In this thesis, the systematic plantwide procedure of Skogestad (2004) is applied to two processes;
1- Post-combustion CO2 capturing processes,
2- Natural gas to liquid hydrocarbons (GTL) plants, in order to design economically efficient control structures, which keep the processes nearoptimum when disturbances occur. Because of the large magnitude of energy consumption in both these processes, optimal operation is of great importance.
The self-optimizing concept, which is the heart of the plantwide procedure is used to select the right controlled variables in different operational regions, which when they are kept constant, indirectly give the operation close to optimum. The optimal is to reconfigure the self-optimizing control loops when the process is entered into a new active constraint region, but we try to arrive at a simple/single control structure, which does not need switching, where a reasonable loss in operating economic objective function is accepted.
The CO2 capturing process studied here is an amine absorption/stripping system. The chosen objective function for this process is first to minimize the energy requirement while fixed CO2 recovery of 90% is met. This leads to one unconstrained degree of freedom. Maximum gain rule is applied and a temperature close to the top of the stripper is found as the best controlled variable. Further, we introduce penalty on CO2 amount released to the atmosphere, and this results in two unconstrained degrees of freedom. CO2 recovery and a temperature close to the top of the stripper are found as the best individual controlled variables in low feedrate. In higher flue gas flowrates, stripper heat input saturates and the self-optimizing method is repeated to select the right controlled variable for the remaining degree of freedom. We validate the propose control structures using dynamic simulations, where 5 different alternatives including decentralized control loops and multivariable controller are studied. We finally achieve a simple control structure, which handles a wide range of change in throughput and keeps the process close to optimum without the need for switching the control loops or updating the controlled variables setpoints by a costly real time optimizer.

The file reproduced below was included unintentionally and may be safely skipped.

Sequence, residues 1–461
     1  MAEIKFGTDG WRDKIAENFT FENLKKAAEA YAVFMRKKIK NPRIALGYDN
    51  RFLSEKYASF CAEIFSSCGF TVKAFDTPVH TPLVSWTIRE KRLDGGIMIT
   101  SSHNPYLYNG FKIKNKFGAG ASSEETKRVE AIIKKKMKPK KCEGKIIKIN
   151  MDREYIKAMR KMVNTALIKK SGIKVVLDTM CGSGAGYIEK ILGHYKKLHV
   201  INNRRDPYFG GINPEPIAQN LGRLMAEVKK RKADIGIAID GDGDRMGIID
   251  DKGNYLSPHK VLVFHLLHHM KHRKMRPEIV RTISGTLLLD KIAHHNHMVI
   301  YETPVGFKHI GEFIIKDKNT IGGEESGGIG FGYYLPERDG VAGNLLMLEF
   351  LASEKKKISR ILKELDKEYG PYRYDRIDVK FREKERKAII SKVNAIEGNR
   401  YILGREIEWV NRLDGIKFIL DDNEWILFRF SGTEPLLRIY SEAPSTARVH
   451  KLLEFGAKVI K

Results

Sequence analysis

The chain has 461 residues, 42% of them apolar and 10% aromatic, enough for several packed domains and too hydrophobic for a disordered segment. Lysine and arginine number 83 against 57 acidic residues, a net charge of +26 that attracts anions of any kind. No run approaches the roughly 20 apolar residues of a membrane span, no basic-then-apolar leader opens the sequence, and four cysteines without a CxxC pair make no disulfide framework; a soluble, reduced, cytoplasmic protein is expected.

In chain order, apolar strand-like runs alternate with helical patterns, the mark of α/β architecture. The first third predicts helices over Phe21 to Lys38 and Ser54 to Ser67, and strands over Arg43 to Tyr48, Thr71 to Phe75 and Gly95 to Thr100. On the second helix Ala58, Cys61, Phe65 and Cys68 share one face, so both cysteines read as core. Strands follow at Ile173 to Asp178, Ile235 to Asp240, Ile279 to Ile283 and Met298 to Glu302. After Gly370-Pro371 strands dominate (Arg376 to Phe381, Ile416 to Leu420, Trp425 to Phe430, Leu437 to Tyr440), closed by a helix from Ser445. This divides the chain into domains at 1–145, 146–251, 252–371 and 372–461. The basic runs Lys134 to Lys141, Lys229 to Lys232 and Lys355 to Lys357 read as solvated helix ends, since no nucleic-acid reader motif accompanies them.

The GTL process modeled in this thesis includes an auto-thermal reformer (ATR) for synthesis gas production and a slurry bubble column reactor (SBCR) for the Fischer-Tropsch (FT) reactions. The FT products distribution is determined using a well-known Anderson- Schultz- Flory (ASF) model, where carbon component in CO (consumption rate is found based on the proposed rate by Iglesia et al.) is distributed to a range of hydrocarbons. ASF is a function of chain growth probability and the chain growth is a function of H2/CO ratio. We study different scenarios for chain growth and we arrive at a suitable model for optimal operation studies. The optimal operation is considered in two modes of operation. In mode I, natural gas feedrate is assumed given and in mode II, natural gas feedrate is also a degree of freedom. After optimization, in both modes, there are three unconstrained degrees of freedom. The best individual self-optimizing controlled variables are found and since the worst-case loss value is rather notable, combination of measurements is done, which reduces the loss significantly. Mode II happens when oxygen flowrate capacity reaches the maximum and we show that operation in mode II in this case is in snowballing region where operation should be avoided. Operation at maximum oxygen flowrate capacity is where maximum practical profit can be achieved.